Why You Should LIE In Your Book (But in The Right Way)

Why You Should LIE In Your Book (But in The Right Way)


We’ve grown up thinking that lies are a bad thing. And then you become a writer. What do writers do most of the time? At least those that write fiction create a story that it’s entirely a lie. Nothing happened like that. The characters can be inspired in people but even in historical fiction, most of the times they are completely different from reality. The facts could have passed in a way but even so, writers change everything for the story to make sense.

So, what are we doing? Lying. We are telling our readers that this is all made up, most of the time it’s not even on Earth. Nothing is real.

So why is a book still relevant?

We all know that it’s not true, we all know that this is all the writer’s imagination telling us a story.

Shouldn’t we focus on History books then instead of in fiction?

Why is fiction relevant even though the majority of it is all lies?


Because we are communicating true things.


It’s through lying that we are making it easy for the reader to analyze their real life.

When we read real facts on a History book, we could empathize with the people and the events, however, we do not go into their lives. We stay in the science domain of history facts. It’s very sad to read about how many died in the Second World War in a History book but we are more interested in studying what caused the war.

However, when you get the life of Eustace, an eighteen-year-old Jew in a concentration camp in a book, you simply lose it. What’s the difference then? Eustace is not real. The way he had to leave his family is not real. All the Nazis there are not real. So, why we cry our hearts out when we read historical fiction like that and we don’t really care when we read about the real facts in a history book?


Simply because it can be all made up but the emotions are real.


And this is how you make your book extremely relevant.

You tell something made up that conveys the truth in it.


You do it so the reader is taken into a journey that is absolutely fake but all true.


It doesn’t need to be in historical fiction. Get a fiction novel, let’s say, Hunger Games.


What happens in the Hunger Games? A dystopic government makes every year kids kill themselves in a television show. Everyone watches it like the World Cup. There’s no critical sense from society. They choose their favorite and cheer for them until they die in the arena.

Everything there is made up.

That world doesn’t exist.

But as you’re reading, you start to question: wait… a minute. Isn’t it weird how we watch people die in wars all the time and we don’t even question that?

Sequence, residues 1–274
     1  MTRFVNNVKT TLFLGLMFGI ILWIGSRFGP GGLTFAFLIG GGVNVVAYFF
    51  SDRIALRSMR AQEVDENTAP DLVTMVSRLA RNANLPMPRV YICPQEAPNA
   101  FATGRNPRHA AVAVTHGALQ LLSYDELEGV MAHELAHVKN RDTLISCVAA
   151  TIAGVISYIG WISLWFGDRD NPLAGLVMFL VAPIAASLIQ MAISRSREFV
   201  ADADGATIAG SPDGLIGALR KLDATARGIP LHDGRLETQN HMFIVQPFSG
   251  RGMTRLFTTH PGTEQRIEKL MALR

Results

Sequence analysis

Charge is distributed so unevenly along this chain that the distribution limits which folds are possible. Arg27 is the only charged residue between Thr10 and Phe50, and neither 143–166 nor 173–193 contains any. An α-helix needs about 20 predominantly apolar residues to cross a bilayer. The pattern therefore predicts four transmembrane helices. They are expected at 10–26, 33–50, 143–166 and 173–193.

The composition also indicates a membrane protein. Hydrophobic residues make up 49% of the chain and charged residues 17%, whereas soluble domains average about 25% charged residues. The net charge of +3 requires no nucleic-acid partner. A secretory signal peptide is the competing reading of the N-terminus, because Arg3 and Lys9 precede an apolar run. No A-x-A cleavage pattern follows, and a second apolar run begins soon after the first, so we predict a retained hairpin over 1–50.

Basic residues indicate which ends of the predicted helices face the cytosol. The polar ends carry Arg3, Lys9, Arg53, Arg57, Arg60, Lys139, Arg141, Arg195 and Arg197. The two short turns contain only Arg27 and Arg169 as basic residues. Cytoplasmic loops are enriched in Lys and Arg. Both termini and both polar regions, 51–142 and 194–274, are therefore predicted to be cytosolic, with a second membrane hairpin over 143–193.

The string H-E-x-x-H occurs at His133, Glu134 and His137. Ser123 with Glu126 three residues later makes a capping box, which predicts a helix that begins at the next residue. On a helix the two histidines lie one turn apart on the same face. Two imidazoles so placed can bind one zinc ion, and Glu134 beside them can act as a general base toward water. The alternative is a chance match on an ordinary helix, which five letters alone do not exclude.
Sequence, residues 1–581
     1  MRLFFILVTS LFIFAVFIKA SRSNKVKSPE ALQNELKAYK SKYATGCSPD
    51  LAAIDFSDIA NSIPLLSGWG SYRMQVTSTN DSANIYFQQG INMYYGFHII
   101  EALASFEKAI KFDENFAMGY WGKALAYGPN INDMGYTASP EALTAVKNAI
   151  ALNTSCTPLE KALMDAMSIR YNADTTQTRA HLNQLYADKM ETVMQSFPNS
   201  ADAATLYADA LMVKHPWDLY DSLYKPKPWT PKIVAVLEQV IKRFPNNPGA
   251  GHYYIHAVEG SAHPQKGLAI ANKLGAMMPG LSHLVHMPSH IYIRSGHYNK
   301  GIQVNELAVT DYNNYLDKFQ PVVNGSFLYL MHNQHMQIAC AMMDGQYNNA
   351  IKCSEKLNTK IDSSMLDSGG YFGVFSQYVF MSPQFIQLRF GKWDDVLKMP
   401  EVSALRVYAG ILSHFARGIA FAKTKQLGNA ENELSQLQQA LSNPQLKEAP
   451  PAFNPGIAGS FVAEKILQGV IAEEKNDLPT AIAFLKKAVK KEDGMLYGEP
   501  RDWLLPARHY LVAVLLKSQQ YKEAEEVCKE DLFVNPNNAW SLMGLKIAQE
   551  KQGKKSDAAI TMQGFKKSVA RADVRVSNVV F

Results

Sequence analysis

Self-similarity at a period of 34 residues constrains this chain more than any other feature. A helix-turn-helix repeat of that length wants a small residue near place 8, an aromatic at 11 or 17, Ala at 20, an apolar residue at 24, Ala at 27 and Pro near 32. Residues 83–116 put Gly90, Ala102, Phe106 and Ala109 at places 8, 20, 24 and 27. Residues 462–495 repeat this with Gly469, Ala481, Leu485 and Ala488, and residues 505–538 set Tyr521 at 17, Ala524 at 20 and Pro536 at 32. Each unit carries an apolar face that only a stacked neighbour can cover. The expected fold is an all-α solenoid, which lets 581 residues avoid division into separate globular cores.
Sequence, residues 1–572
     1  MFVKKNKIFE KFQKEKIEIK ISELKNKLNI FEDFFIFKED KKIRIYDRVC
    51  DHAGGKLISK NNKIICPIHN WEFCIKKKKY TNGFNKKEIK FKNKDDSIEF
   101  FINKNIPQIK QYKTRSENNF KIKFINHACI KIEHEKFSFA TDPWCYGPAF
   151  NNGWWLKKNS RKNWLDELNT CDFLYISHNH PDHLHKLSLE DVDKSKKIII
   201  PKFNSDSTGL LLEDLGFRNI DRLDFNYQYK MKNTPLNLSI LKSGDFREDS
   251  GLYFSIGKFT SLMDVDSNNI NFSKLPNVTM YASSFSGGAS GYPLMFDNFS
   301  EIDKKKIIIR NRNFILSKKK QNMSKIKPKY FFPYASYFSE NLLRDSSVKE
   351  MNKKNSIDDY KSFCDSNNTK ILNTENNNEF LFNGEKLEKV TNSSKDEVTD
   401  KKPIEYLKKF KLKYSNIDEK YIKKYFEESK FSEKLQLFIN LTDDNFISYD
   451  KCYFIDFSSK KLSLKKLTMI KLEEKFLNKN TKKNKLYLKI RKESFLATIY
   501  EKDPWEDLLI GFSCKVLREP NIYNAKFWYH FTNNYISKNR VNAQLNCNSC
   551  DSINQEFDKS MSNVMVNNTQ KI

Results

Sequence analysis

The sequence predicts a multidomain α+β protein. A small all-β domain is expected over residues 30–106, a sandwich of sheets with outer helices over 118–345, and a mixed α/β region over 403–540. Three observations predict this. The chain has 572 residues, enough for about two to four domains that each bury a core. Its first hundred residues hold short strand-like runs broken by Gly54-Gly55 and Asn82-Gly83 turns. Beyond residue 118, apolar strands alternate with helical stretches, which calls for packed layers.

It doesn’t need to be this kind of tragic book either. It could be something happy book like Harry Potter. You’re there reading about a wizard going to Hogwarts, everything is made up when you come up with the following quote:

“It is our choices, Harry, that show what we truly are, far more than our abilities.” —Harry Potter and the Chamber of Secrets


And you think: wait a minute…


Also, it doesn’t need to be a conscient thought. The stories that we read shape our minds without us even noticing it. We are not sure of the message behind it but a good story stays with you, it touches you.

All through lies.

I learned everything about Truth in Fiction in a Masterclass from Neil Gaiman


Everything that I’m telling you here is from Class 2, in my own words of course.

And it’s something I had never stopped to think about.

How every fiction that we read is all made up.

So, why some fiction is amazingly good and touches us while others we can barely remember that we read?

Because of all the truth behind that lies.


It doesn’t matter how
outlandish the world of your story is, it should feel real
to the reader. – Neil Gaiman Masterclass


How do you create this kind of fiction that conveys the truth?


Neil Gaiman tells us the following:


“If you’re going to write… you have
to be willing to do the equivalent of
walking down a street naked.”


This is so meaningful for me.

Because it is HARD to show your truth.

The thing you truly feel, the facts that happened to you and still embarrasses the hell out of you, or it makes you extremely sad.

When you show that through lies when you open your soul, it’s when your fiction will feel true. It’s when readers will feel the same way.

Fiction has to be honest.

Honesty through lies.

How to show the truth in your writing? How to learn to write a TRUE book?


This is what Neil Gaiman teaches us. He gives us exercises to help and he explains how we can write about sensory details, the emotions and how we can explore the familiar in the unfamiliarity of a story.


If you want to know more about his class, I strongly encourage you to check it out here:

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With Masterclass,
you can access to over 60 classes with renowned professionals in different fields.

In writing, you can get access to these writing classes:


  • Neil Gaiman;
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And they’re always updating it with new classes.

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You get access to ALL THE CLASSES with the all-access pass. But you can also buy it separately if you have interest in only one class.

When I did the math, I bought it:

One class is 90$. For example, for Neil Gaiman’s one, with 19 classes in the course, it will be less than 5$ per class. You definitely don’t get what he teaches there nowhere else because he reveals his personal secrets, techniques, analysis, and thoughts.

But, definitely, the pass for all the classes is worth it:

It is 180$ for over 45 classes with Masters in their arts. This makes it 6$ per course, which almost 20 classes in each. This makes it  30 CENTS PER LESSON!

Check it out here if you’re interested!


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